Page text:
December 17th, 2014 Posted by No Comment yet

You just traded in your high paying salary and a plethora of benefits in exchange for 100-hour work-weeks and a modest equity stake in a start-up company because you think you have just signed on with the next Facebook or Google.   Please keep in mind, however, that stock options do not put food on the table or pay your mortgage. They are future incentives used by small companies, particularly start-ups, to lure high-priced talent away from better paying jobs, because equity is all these companies have of potential value to offer.   What tends to get lost in the excitement of the moment is that options and restricted stock are an enticement that can be lost at a moments notice due to dilution or termination well prior to any significant corporate event.

I am not suggesting that you stay away from all start-ups or that you should turn down the options offered.  I am simply suggesting that you consider the job on its merits and not because someday, maybe, your options may be worth millions.



December 17th, 2014 Posted by No Comment yet

Many companies today offer equity in the form stock options and/or restricted stock as part of a new employee’s compensation package.  This is particularly true if the company is a “start-up” that uses equity to entice you to take the position because it does not have the cash flow to pay employees the salaries they deserve.

Before accepting the position, employees should carefully read the company’s equity plan and any stock agreements they will be asked to execute to get a sense of their rights in the event the relationship terminates or the company experiences a corporate event such as a sale or merger.   Any opportunity to negotiate the details of your equity award takes place before you join the company, so make sure you do your due diligence.

Areas of concern to look for when reviewing the governing equity documents include:

  • What happens to your unvested stock when if you are terminated?
  • How long do you have to exercise your vested options if you are terminated?
  • What type of options are you getting? Non-qualified or Incentive?
  • Are they Options or Restricted Stock?
  • Is there any protection against dilution?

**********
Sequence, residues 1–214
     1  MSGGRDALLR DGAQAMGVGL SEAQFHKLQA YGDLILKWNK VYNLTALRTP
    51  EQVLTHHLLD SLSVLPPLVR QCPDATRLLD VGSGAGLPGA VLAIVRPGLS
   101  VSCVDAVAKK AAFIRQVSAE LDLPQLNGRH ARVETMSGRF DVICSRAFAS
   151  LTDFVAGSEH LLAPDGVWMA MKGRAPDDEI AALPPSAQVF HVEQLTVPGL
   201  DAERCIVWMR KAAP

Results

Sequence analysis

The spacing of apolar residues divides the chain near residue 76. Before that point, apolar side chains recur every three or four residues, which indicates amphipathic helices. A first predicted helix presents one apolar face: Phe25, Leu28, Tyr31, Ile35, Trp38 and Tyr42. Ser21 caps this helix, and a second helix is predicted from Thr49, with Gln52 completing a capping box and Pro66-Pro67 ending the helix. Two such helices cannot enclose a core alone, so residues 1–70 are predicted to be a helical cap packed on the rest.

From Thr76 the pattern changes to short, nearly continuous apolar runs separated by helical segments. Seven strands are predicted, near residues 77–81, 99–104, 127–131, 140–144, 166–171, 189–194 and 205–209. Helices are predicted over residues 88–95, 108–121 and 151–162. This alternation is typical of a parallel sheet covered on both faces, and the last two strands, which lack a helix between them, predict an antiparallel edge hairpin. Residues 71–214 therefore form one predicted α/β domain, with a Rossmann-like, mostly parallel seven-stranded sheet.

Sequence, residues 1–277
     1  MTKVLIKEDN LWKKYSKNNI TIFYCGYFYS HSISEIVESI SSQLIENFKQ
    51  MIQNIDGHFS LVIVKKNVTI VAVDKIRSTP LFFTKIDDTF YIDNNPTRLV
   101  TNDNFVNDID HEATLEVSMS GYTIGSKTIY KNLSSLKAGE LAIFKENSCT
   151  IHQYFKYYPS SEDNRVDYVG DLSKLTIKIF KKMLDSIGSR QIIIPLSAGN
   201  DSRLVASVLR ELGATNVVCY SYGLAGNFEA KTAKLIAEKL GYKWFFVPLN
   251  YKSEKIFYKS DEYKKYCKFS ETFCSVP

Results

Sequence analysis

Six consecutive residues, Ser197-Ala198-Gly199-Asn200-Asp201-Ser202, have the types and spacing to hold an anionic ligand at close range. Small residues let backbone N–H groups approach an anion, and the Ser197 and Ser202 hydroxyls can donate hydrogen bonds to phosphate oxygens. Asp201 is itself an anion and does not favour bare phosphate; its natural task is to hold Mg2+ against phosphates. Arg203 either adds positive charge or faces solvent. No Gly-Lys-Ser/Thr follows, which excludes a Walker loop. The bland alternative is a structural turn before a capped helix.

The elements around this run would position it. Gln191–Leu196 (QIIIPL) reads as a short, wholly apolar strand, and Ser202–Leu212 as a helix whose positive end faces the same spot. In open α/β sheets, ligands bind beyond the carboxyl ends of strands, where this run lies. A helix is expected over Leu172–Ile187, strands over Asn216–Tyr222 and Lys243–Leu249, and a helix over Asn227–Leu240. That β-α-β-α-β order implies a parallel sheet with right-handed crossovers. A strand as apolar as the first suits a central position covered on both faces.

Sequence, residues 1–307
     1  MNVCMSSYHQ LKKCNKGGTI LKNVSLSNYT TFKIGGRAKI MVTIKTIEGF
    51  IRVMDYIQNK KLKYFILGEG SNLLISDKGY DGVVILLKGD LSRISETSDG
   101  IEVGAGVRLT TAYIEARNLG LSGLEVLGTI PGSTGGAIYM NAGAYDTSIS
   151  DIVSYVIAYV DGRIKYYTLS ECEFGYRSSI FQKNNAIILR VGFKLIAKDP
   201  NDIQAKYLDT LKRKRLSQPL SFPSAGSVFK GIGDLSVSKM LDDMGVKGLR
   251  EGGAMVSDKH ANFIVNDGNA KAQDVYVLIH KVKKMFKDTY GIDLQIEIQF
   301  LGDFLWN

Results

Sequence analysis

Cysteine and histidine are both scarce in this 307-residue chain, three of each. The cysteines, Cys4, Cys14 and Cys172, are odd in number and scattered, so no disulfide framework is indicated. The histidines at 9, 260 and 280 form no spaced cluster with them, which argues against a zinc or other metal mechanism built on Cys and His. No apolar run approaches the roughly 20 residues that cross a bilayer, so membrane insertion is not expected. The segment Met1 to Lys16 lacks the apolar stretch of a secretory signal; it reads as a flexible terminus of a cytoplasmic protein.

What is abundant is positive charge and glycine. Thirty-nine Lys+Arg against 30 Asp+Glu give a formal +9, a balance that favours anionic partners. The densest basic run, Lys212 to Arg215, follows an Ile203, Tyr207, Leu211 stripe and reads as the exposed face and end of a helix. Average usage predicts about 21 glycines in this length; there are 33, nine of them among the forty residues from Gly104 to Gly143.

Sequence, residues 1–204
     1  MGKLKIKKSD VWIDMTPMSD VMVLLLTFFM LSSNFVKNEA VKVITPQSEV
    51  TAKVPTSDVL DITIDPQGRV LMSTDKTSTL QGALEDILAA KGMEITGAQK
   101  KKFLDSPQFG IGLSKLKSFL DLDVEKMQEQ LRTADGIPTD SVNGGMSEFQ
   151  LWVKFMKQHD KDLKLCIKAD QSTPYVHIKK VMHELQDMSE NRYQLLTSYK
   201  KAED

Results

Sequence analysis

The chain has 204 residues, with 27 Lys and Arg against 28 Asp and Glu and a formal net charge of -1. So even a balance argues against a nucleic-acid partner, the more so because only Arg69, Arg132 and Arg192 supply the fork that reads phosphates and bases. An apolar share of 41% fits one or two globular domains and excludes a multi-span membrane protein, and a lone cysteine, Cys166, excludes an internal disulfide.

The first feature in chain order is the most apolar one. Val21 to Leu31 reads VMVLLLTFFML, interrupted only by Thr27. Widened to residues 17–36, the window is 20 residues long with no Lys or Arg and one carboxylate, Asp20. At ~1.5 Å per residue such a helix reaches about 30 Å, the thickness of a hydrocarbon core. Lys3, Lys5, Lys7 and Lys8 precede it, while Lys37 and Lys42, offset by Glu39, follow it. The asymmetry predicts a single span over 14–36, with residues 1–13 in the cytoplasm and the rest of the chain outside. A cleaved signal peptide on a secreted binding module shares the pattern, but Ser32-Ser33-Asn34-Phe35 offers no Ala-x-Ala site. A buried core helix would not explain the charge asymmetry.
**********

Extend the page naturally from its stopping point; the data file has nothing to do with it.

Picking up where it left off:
• Does the company have a right to buy back any vested stock or restricted stock upon my termination, and at what price?
  • What happens to my equity interests upon a Change of Control?
  • What the tax consequences are of the deal you are about to strike?
  • Does the equity plan allow for cashless exercise so that you do not have to come up with any money to purchase your vested options?

If you are not comfortable reading the plan, it is reasonable to ask the company to speak with someone who would be able to answer these questions.  Options are a wonderful compensation incentive tool and, with just a bit of knowledge, you will give yourself the best opportunity to reap their rewards.


December 17th, 2014 Posted by No Comment yet

Instead of providing equity to executives in the former of options and restricted stock that vest over time, some employers ask their executives to “put their money where their mouth is” by making an equity investment in the company.  Given the current state of our economy, and the grumblings from Main Street about executive pay, this seems like a reasonable way to tie compensation to performance.

On the upside, by investing in the company an executive will feel like he/she has a personal stake in the company’s future while not having the pressure of meeting certain vesting dates.  On the downside, the executive will not have the same ability or resources to perform due diligence into the investment risk they are being asked to take on.  In addition, employees may not have the financial ability to afford the equity stake being offered, and therefore have to to take less equity or a company loan in order to accept the position.  Moreover, most stock plans give the company a right to repurchase your equity interest if your relationship ends, and at various prices depending on the reason your employment terminated.